Beyond Entropy II

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I’ve been in Geneva now for a couple of days. We spent yesterday visiting CERN, trying to inspire the artists, architects and scientists alike (I’ve collaborated with people here, but I’ve never visited before).

CERN tunnel mockup
A mockup of a section of the CERN tunnels. More pictures here.

You can also check out Peter Coles’ blog for his tall tale of CERN’s history and impressions of the project. My Imperial colleagues Roberto Trotta, Amanda Chatten and Dave Clements are also participating (and Dave is blogging, too).

The second night, after our visit to CERN and a dinner of fondue and swiss music (possibly not the high point of the trip), all of the 24 participants (eight groups each of an architect, artist and a scientist) gave a few-minute presentation on their work and interests. I was, to use the cliché, blown away by the ambition and accomplishment of everyone else involved. In particular, I am lucky enough to be working with Budapest-based artist Attila Csorgo and architect Shin Egashira, who works out of the Architecture Association, the overall initiators and sponsors of the project. Both build amazing machines. Attila’s constructions seem to me to be about the interaction of the machine and the environment, or of the components of the machine itself, whereas Shin’s involve more effort on the part of the viewer/participant (but I am sure I will get to understand their work and their practice better as I spend more time with it and them).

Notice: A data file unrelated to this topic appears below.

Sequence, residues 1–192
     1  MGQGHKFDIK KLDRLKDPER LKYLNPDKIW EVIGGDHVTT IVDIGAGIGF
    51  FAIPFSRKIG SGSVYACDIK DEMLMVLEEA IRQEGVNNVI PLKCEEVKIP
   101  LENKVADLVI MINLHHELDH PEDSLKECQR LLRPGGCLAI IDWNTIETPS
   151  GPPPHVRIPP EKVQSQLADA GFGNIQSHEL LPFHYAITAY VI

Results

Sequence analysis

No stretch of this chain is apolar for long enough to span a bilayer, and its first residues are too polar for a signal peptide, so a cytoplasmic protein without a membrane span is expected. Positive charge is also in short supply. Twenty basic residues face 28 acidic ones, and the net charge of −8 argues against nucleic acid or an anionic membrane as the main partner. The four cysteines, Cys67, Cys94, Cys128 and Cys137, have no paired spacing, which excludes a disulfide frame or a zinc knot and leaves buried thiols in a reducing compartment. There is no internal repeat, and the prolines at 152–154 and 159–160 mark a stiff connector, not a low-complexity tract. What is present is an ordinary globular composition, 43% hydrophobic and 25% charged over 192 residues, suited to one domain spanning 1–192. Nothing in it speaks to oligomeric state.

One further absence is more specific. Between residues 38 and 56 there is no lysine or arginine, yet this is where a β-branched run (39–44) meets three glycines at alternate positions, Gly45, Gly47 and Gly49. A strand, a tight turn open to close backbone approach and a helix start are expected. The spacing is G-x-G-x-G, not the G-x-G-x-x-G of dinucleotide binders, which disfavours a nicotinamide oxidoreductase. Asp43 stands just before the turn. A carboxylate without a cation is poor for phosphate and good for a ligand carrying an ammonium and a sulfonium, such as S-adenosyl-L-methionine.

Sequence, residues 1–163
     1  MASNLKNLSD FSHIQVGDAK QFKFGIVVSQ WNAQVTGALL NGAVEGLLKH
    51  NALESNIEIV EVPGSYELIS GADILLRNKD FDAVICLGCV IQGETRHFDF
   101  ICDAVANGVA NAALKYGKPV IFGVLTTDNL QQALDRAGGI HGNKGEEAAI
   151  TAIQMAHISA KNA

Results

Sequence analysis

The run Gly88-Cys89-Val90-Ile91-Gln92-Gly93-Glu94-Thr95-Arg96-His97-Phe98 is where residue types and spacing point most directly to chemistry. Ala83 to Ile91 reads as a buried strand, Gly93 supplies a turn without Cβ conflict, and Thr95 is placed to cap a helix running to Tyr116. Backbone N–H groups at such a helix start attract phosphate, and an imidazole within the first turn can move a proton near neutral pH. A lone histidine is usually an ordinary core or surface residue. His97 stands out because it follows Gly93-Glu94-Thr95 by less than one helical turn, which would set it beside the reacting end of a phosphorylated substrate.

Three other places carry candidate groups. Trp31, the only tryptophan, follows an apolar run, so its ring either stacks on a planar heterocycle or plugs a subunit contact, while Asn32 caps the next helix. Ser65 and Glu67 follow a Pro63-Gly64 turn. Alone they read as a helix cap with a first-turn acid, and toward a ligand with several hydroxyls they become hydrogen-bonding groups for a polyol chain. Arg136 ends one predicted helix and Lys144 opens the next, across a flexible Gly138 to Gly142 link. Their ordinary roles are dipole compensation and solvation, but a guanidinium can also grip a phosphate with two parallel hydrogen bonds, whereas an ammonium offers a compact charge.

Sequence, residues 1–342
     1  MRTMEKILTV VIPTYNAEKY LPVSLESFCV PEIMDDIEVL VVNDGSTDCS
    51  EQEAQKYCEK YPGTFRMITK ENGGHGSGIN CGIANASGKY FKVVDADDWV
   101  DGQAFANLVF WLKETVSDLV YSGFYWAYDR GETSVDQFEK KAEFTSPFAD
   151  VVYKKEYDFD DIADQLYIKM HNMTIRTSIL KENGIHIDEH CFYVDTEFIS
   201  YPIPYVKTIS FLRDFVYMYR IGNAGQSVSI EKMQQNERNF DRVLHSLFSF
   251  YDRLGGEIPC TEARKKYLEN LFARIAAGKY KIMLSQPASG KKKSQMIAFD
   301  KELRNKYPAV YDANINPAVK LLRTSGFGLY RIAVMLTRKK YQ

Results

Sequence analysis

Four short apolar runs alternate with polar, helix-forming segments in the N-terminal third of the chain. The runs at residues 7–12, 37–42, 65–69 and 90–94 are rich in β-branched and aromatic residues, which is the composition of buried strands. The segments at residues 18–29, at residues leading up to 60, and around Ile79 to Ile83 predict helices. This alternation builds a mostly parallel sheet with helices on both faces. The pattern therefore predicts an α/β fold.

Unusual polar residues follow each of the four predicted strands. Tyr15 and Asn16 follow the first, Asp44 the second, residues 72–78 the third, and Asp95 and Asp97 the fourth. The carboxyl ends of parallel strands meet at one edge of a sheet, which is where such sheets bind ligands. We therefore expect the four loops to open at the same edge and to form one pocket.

We spent the next day in a lovely old Swiss building, brainstorming our projects — we’re meant to come up with a “prototype” to have in place for this summer’s Architecture Biennale in Venice. Our brief was to explore the concept of “Mechanical Energy”, and we found an area of convergence in the idea of cameras, in the process of taking pictures, areas that both Shin and Attila have explored in their work.

Right now, our first idea is to combine the Planck Surveyor’s method of scanning the sky with a microphone-based sensor and camera, to make sound and light pictures of the volume surrounding the apparatus. We’re looking forward to a weekend retreat into the wilds of Dorset, to Hooke Park, a site run by the AA.

Thanks, finally, to Stefano Rabolli Pansera, the brilliant, optimistic, and enthusiastic mind behind this project, as well as all of the other people from the Architecture Association doing the hard work.